26 November 2012
The party of Grover Norquist?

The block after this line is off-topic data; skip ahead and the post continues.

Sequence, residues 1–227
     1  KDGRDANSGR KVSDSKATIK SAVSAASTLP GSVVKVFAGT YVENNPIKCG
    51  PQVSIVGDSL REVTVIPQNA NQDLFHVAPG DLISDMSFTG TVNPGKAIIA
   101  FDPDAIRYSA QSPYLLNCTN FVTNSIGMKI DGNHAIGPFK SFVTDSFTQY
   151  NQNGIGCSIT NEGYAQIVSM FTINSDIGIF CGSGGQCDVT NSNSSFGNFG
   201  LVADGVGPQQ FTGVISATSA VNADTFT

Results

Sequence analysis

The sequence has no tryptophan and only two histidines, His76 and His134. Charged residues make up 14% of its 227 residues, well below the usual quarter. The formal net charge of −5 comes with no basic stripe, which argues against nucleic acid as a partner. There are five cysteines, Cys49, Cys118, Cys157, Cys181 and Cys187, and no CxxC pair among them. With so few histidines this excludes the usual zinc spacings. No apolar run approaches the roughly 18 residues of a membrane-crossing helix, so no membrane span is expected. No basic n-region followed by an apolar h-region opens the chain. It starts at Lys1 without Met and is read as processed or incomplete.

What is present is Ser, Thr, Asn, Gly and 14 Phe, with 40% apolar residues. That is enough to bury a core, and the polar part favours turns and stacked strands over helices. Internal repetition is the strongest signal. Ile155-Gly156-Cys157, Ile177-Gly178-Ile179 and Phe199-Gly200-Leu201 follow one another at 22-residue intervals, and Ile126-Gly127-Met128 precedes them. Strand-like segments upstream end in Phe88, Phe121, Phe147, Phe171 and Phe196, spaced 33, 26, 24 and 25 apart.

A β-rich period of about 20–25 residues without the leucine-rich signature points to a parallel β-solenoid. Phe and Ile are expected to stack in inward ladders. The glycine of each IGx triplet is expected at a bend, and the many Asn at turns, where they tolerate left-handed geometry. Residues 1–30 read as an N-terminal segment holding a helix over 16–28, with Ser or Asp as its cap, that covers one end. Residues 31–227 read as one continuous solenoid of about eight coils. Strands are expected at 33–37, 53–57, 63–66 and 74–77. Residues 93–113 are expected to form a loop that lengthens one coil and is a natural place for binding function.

In the weeks following the presidential election, Republicans have been debating amongst themselves how to rehabilitate their image for the majority of voters. The debate has focused on some Republicans' realization that many Americans believe that Republicans hate them. This year really ran the alarm bell for the GOP because Mitt Romney was perceived as hating people for class reasons, rather than for reasons of race, religion, gender, etc. Alarmed Republicans have said that their party needs to choose between outreach and rabble-rousing, preferably by repudiating those divisive personalities most suspected of hating people for any reason, no matter how beloved those personalities may be by the party's primary base. Lost in this confusion of recrimination is another, perhaps more immediate choice the party faces. The weekend's news featured reports of Republican legislators repudiating the "Taxpayer Protection Pledge" of perpetual opposition to tax increases. The Pledge was the brainchild of Grover Norquist, who promises, in barely veiled terms, primary challenges for any Republican who breaks his word. On CNN yesterday, Norquist specifically rejected the argument of Rep. King of New York, who had suggested that the Pledge was appropriate to an earlier time and different economic conditions, but ought not to be binding today. For Norquist, resistance to high tax rates is an eternal principle grounded in timeless economic truths. Tax cuts, in his view, were the foundation of the "Reagan recovery" of the 1980s, preferable in terms of rapid re-employment to what Norquist perceives as a tax-hobbled "Obama recovery." He still upholds the premise that lower tax rates result in greater revenue, since lower taxes encourage economic growth, and growth means more income to tax at the old rate. The essential assumption is that growth is inevitable if not constant so long as government doesn't impose disincentives to investment. Rep. King's skepticism toward the eternal relevance of the Pledge is understandable. King himself presumably remains a kind of fiscal conservative, but just as some Republicans now seem to realize that conservatism shouldn't come with a presumption of hate, King and his fellow GOP apostates indicate that fiscal conservatism need not be synonymous with the supply-side dogma preached by Norquist. Supply-sideism in modern times is founded upon the coincidence of economic growth and tax cuts during the 1960s, but presumes a correlation applicable in all times and under all circumstances. From that perspective, as another writer asserts, if you want economic growth tax increases are always wrong. This columnist puts the choice for Republicans in the starkest terms; he calls on the GOP to fight tax hikes "to the death," since giving in to Obama would be "economic suicide." Most observers believe, however, that going over the "fiscal cliff" would be economic suicide, unless we can grab a tree branch on the way down. The centrists demand a "grand bargain" of tax hikes and cuts to entitlements, albeit a combination of the two less drastic than would come automatically should we go over the "cliff." Norquist and his acolytes would have the Republicans challenge Obama to a chicken run to the cliff's edge, hoping that the President will chicken out first and capitulate to a cuts-only plan. On their planet they don't need to compromise any more because they've done all the compromising so far by acquiescing in the closing of loopholes, while Obama, despite the critical perceptions of the activist left, has done no compromising at all. I can't imagine that even many Republicans actually believe that. The question now is: what do they believe? If they blame their losses this year on a perception that they hate people, they should also consider the perception that they place ideology before national interest. They may accuse Democrats of doing the same, but there's always something more concrete in Democratic ideology because they always claim to be looking out for the weak and the needy, while the GOP has to argue the trickier proposition that the rich and secure need government's care, albeit by government restraining itself. If Republicans want to win over more people, they might try convincing those people that they care for people more than ideological economics -- that their patriotism is loyalty to the people, not loyalty to dogma. If that means risking primaries with fanatic challengers backed by Grover Norquist, then it's up to Republicans to decide whether the GOP is their party or his.